Little Round Top is one of the most well-known historical sites in the United States. This small hill south of Gettysburg has often been called the “key” to the Union position during the battle, and some have stated that if it had fallen to the Confederates on the afternoon of July 2, 1863, the United States would have forever been split in two. Garry Adelman traces the growth of the popularity of the hill and assesses the military situation at the time when Little Round Top might have fallen into Confederate hands. He argues that the significance of Little Round Top has been exaggerated, and even if Confederates had captured Little Round Top, they had only a small chance to hold it.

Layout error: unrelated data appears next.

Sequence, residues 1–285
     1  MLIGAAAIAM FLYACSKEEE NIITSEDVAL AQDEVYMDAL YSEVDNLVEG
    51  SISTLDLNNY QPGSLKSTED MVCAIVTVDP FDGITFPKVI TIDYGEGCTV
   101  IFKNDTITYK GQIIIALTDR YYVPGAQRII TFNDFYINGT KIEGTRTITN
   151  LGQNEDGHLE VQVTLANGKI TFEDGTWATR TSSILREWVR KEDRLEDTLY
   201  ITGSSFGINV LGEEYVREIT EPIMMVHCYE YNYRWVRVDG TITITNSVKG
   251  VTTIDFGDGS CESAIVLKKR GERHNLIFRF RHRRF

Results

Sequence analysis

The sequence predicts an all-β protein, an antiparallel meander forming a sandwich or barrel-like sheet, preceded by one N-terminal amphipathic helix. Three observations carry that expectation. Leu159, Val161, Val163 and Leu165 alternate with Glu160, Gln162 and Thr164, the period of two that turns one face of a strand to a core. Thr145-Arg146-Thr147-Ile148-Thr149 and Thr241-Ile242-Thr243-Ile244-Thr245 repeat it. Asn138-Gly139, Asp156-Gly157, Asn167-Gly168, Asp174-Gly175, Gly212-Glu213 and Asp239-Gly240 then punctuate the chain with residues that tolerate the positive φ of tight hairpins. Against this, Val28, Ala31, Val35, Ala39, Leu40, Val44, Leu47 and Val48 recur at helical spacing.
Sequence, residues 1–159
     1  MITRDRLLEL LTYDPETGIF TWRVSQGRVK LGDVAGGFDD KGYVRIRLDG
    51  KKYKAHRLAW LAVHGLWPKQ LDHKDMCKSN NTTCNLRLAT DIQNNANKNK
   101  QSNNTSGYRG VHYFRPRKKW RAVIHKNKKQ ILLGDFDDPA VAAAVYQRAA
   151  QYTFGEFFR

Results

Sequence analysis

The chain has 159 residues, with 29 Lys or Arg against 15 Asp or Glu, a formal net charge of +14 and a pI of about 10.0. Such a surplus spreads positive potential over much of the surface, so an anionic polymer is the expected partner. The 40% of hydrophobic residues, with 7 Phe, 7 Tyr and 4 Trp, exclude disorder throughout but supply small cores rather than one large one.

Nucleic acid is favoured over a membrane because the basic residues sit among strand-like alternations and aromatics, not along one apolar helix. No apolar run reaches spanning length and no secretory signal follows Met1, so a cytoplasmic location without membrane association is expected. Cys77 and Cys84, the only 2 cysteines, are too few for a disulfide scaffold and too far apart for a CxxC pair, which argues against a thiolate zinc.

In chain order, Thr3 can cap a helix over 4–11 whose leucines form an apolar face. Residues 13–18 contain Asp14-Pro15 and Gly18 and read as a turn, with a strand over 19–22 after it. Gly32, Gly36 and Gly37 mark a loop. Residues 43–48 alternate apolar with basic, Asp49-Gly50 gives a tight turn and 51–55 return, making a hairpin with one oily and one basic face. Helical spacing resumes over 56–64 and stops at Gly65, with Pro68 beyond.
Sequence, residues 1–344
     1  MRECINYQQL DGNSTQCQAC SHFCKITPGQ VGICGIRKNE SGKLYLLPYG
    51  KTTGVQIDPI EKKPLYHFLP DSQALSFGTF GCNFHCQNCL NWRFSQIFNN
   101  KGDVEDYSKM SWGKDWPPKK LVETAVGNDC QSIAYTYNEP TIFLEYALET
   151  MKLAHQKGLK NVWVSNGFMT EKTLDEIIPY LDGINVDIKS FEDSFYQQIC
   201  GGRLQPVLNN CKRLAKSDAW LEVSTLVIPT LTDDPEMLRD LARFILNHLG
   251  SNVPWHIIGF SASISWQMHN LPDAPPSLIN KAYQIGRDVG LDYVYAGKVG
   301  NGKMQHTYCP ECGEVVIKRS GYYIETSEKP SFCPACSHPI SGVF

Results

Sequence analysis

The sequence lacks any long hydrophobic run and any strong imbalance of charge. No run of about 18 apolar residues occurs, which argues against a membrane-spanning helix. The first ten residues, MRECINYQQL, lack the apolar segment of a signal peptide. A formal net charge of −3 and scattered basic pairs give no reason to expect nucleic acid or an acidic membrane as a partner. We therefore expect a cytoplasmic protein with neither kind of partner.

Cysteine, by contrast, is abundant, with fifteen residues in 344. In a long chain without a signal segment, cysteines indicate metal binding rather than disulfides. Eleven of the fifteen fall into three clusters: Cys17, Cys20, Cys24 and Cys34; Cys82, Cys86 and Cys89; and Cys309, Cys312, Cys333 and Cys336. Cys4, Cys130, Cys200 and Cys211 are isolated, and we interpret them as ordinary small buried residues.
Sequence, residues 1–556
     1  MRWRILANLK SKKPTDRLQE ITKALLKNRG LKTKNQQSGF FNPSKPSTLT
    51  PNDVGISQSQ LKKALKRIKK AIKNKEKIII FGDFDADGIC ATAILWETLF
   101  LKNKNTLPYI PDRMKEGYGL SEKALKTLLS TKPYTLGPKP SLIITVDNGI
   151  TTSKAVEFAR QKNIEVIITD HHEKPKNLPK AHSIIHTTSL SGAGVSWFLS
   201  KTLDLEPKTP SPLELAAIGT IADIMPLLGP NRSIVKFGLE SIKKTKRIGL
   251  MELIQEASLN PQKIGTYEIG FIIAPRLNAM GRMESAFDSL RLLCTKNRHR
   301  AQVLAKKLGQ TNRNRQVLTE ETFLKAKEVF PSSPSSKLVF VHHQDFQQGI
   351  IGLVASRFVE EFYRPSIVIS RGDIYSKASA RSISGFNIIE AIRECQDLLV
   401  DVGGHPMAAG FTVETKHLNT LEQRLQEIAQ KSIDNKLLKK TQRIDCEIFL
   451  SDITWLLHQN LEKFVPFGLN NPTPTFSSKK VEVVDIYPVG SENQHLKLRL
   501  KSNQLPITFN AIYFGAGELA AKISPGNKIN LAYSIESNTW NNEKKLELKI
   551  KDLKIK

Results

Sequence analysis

In today’s post, Garry Adelman introduces us to the series, and shows us the initial placement of soldiers and Confederate assaults on the southwest face of Little Round Top.
In today’s post, Gettysburg Licensed Battlefield Guide Garry Adelman shows the attack on the 20th Maine Infantry, and explains how the Little Round Top legend slowly grew over time.
In today’s post, Gettysburg Licensed Battlefield Guide Garry Adelman continues his story of how Little Round Top’s importance grew over time, and showed us the strength of both armies at this critical point on the evening of July 2, 1863.
In today’s post, Garry concludes his Myth of Little Round Top series by pointing out Union artillery positions on Little Round Top and their effectiveness or lack of effectiveness on July 3, 1863.